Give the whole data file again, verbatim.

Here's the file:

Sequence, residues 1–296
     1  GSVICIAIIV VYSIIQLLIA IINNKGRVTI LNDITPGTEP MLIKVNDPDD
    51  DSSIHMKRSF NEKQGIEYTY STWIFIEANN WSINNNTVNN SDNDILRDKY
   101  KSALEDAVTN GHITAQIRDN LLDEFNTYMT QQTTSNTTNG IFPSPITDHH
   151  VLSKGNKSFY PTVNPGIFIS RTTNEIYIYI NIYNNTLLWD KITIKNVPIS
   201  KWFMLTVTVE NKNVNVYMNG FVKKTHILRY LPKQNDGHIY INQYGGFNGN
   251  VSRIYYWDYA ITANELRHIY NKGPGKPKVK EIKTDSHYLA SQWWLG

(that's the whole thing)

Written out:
Sequence, residues 1–296
     1  GSVICIAIIV VYSIIQLLIA IINNKGRVTI LNDITPGTEP MLIKVNDPDD
    51  DSSIHMKRSF NEKQGIEYTY STWIFIEANN WSINNNTVNN SDNDILRDKY
   101  KSALEDAVTN GHITAQIRDN LLDEFNTYMT QQTTSNTTNG IFPSPITDHH
   151  VLSKGNKSFY PTVNPGIFIS RTTNEIYIYI NIYNNTLLWD KITIKNVPIS
   201  KWFMLTVTVE NKNVNVYMNG FVKKTHILRY LPKQNDGHIY INQYGGFNGN
   251  VSRIYYWDYA ITANELRHIY NKGPGKPKVK EIKTDSHYLA SQWWLG